No matter how hard they try, many people just can’t accumulate the kind of portfolio that makes retirement a breeze.
And that’s okay. It’s nothing to be ashamed of, provided you spent your excess cash wisely. Paying off your house, saving to give your kids a head start, or helping out other family members are all noble things to do.
Besides, one of the dirty, little secrets of the investment world is, many pundits radically overstate how much you’ll need to retire. It’s not their fault; these people have been brainwashed by decades of advertising by fund managers, companies that know a good way to gain assets under management is to make people scared they’ll be poor come retirement.
So, if you’re only sitting on a nest egg of $400,000 or so, don’t sweat it. You can have a comfortable retirement. Here are some strategies you can use to maximize your dollars.
One thing many soon-to-be retirees forget is, they’re likely to receive anywhere from $1,000 to $2,000 per month in cash from the Canada Pension Plan and Old Age Security. Low-income seniors also qualify for the Guaranteed Income Supplement.
If both you and your spouse have worked consistently over the years, you’re looking at double that amount. There are many couples that qualify for $30,000 or $40,000 of annual income from the government, which will go further than you think in retirement. Remember, you’ll save a lot of money by avoiding a daily commute or having to buy a whole work wardrobe.
Consider a part-time job
Making just $1,000 per month can go a long way towards securing your retirement.
Say you and your spouse end up with $30,000 annually in annual income from the government. Add in $16,000 per year (assuming a 4% withdrawal rate on $400,000 in savings), and you’re making $46,000 each year. An additional $10,000 annually could be the difference between a lacklustre retirement and one filled with a couple of nice vacations.
Part-time work comes with other benefits, too. It gets you out of the house and staves off boredom. It gives one a sense of accomplishment, too. It’ll even be a valuable form of socializing if you get the right situation.
If you put your $400,000 nest egg to work and earn a 5% dividend from the investment, it’ll generate $20,000 per year. That combined with government benefits, should be enough to fund a middle-class retirement in a cheaper Canadian city.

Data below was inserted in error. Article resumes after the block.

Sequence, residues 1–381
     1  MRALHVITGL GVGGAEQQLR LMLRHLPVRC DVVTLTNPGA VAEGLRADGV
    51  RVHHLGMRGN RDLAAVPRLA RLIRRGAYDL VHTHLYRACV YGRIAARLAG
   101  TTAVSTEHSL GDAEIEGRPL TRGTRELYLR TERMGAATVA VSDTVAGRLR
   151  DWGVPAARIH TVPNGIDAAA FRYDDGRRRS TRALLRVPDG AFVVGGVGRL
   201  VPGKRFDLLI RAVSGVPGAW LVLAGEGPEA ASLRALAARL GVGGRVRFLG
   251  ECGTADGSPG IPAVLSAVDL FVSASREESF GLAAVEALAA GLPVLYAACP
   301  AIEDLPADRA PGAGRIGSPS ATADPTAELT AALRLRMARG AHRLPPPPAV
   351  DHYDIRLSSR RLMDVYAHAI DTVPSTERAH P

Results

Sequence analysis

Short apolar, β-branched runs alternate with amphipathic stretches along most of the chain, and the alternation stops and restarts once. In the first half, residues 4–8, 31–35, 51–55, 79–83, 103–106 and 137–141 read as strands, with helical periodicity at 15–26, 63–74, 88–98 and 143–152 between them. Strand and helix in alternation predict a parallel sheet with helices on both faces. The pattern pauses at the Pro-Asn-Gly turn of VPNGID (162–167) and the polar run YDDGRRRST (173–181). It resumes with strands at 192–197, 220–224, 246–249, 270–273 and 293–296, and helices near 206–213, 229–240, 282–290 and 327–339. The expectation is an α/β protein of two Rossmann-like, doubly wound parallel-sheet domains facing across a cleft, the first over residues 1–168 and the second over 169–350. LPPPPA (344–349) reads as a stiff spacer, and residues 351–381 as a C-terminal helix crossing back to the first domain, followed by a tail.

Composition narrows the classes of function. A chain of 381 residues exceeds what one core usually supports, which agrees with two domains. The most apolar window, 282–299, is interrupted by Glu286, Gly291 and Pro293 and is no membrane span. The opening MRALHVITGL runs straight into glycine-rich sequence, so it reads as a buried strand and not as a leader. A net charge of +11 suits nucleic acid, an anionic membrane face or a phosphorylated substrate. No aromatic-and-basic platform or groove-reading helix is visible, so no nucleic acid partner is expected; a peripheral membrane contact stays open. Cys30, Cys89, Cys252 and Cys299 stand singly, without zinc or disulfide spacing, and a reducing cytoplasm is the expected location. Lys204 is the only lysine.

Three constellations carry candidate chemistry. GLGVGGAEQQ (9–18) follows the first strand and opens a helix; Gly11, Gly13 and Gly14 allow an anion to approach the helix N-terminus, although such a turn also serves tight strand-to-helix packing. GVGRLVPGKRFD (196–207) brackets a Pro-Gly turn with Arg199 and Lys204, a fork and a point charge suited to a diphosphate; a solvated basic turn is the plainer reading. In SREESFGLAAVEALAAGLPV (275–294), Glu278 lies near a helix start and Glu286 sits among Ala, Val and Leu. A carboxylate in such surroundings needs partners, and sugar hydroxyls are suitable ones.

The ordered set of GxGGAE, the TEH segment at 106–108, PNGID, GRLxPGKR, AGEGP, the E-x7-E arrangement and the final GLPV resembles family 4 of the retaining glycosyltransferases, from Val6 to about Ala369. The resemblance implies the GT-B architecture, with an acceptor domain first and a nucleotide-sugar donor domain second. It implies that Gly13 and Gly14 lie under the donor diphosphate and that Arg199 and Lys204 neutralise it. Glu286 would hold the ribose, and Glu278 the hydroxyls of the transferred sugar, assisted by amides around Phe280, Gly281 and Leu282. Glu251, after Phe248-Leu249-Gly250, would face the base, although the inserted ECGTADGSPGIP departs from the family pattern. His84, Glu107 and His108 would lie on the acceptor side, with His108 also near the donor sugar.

The good news is, there are plenty of stocks that pay sustainable 5% dividends. One of my favourites is A&W Revenue Royalties Income Fund (TSX:AW.UN), which owns the trademarks for Canada’s second-largest burger chain. There are now more than 850 A&W locations in Canada.
The company has quietly been one of the best investments on the entire Toronto Stock Exchange, delivering excellent long-term returns since its 2002 IPO. Management is laser-focused on execution, using timeless methods like focusing on great ingredients, clever marketing, and interesting promotions.
You likely remember A&W as the fast-food chain that first took a chance putting a non-beef burger on the menu. That was a raging success, and it was copied by virtually all of its competitors. The company will now try something a little different, featuring non-meat chicken nuggets as its next promotion. This analyst thinks it’s a terrific idea.
A&W shares follow a predictable pattern. The company posts consistently posts solid results, steadily growing both same-store sales and the number of restaurants. Increases in profit get paid back to shareholders in the form of ever-increasing dividends. In fact, A&W raised its payout for six consecutive quarters in 2018-19. The current payout is 5.2%.
The bottom line
If your retirement nest egg isn’t as large as you’d like, don’t sweat it. By maximizing your CPP and other government sources of income, working part-time, and putting your savings into great dividend payers like A&W, you’ll end up just fine.
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Fool contributor Nelson Smith owns shares of A&W Revenue Royalties Income Fund.